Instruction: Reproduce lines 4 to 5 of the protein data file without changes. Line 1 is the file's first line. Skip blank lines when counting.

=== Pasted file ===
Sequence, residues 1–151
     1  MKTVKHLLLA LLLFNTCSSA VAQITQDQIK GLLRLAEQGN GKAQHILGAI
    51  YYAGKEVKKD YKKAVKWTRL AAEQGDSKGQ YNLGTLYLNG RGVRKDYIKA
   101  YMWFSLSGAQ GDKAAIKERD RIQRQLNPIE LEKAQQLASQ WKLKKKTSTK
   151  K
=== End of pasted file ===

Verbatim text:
   101  YMWFSLSGAQ GDKAAIKERD RIQRQLNPIE LEKAQQLASQ WKLKKKTSTK
   151  K